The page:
In working with forgetful clients I explain the situation and the realities time after time because my clients see this as a new conversation each time I visit. One client feels responsible for the issues with his checking account and believes he should be able to handle it, but the reality is that he cannot. Another forgets discussions we have about topics and has to go back and read notes I write in a notebook at her house documenting our conversations. Moderate cognitive impairment may be called moderate but the implications are monumental if left unaddressed.
The difficulty is that many individuals diagnosed with “moderate cognitive impairment” seem to do well in social situations. They carry on appropriate conversations, perhaps forgetting a piece of information here and there. They laugh at jokes and appear moderately well groomed. They seem to be doing generally well.
However it is the underlying, hidden issues that have the potential to cause the greatest harm. And yet friends and acquaintances feel guilty if they try to find an appropriate person to help. Some family members fear anger from their parent and are immobilized to take action. I always ask, what’s worse? Having your friend or parent temporarily angry with you or having them face financial exploitation or significant health issues that cannot be remedied?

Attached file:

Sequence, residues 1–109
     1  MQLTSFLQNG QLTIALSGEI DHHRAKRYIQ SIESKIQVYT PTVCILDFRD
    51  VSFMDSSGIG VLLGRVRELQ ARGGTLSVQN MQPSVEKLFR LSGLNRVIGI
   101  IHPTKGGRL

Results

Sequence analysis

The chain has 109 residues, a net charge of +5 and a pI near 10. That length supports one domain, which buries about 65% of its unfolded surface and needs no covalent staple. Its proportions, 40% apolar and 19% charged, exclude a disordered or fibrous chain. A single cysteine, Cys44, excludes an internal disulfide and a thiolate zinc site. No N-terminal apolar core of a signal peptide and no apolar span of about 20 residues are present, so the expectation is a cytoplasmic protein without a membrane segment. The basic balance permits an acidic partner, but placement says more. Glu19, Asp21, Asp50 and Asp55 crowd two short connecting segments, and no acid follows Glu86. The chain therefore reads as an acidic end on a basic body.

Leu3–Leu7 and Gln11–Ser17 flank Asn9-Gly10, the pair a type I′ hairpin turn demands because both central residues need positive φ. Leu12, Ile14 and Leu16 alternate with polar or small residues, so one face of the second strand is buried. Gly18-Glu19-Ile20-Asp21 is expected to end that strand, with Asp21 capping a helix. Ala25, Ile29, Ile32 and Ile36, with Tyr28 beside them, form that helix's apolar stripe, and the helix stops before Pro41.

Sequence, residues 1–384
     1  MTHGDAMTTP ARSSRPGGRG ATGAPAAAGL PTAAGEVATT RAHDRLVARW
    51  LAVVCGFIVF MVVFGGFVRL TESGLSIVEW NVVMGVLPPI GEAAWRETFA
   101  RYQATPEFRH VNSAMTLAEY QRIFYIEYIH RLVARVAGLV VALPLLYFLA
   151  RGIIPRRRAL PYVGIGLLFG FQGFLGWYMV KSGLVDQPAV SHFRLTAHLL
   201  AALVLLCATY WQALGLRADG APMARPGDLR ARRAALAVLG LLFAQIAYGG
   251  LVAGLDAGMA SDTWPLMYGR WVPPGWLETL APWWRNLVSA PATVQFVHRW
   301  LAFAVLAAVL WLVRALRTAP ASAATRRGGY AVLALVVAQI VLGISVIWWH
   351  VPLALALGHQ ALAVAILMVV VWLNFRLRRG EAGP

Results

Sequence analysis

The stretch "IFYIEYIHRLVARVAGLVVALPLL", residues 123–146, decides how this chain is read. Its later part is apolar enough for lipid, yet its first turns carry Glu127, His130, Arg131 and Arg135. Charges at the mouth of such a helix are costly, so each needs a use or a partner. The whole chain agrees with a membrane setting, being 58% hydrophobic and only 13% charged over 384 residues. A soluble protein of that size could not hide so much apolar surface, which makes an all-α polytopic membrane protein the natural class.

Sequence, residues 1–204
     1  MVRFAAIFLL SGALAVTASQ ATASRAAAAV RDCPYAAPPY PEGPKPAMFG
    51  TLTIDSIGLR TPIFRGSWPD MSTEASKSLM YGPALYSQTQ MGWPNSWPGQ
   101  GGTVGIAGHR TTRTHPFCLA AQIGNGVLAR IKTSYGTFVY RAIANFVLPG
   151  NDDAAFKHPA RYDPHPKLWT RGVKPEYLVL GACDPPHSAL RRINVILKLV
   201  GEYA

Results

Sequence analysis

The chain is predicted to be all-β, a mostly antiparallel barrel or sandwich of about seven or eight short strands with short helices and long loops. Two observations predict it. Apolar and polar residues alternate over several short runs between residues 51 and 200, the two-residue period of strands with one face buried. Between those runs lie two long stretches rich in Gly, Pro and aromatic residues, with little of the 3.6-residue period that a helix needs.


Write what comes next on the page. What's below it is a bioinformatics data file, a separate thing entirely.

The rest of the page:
Here’s a quick checklist of signs indicating that you must act responsibly for a friend or family member who may not be able to manage their own affairs:
- If you have access to their home are there piles of mail, newspapers and notes everywhere? This may indicate unpaid bills and mismanaged finances.
- Is the home clean or dirty?
- Do you see repairman or handyman constantly going in and out of their home?
- Have other neighbors or friends expressed concern?
- Has the individual lost weight or appear to have health issues, hearing loss, vision loss?
- Do you see the individual driving in an unsafe manner?
- Is the individual wearing the same clothing day after day?
- If you have started to help the person, are they relying more and more on you for daily tasks and to help with making decisions?
- Do you notice if the individual repeats information? Does he or she ask the same questions or forget that you spoke to them yesterday or 10 minutes ago?
- Does the individual appear generally confused?
- Are there medication bottles throughout the home but no system of taking medications?
- Has someone moved into the home to “help out” but the situation seems to be getting worse instead of better? This may indicate abuse.
- Does the individual express fear of a family member or friend?
You will be doing your friend or family member a kindness by reporting these issues to family or county adult protective services and asking for help on their behalf. I often receive calls from embarrassed or frustrated individuals. I thank them for caring enough to make the phone call and then make an appointment to visit the individual to see how I might provide support to reduce the risk of the hidden pitfalls I know I will discover.
© 2012, 2013 Pamela D. Wilson. All Rights Reserved.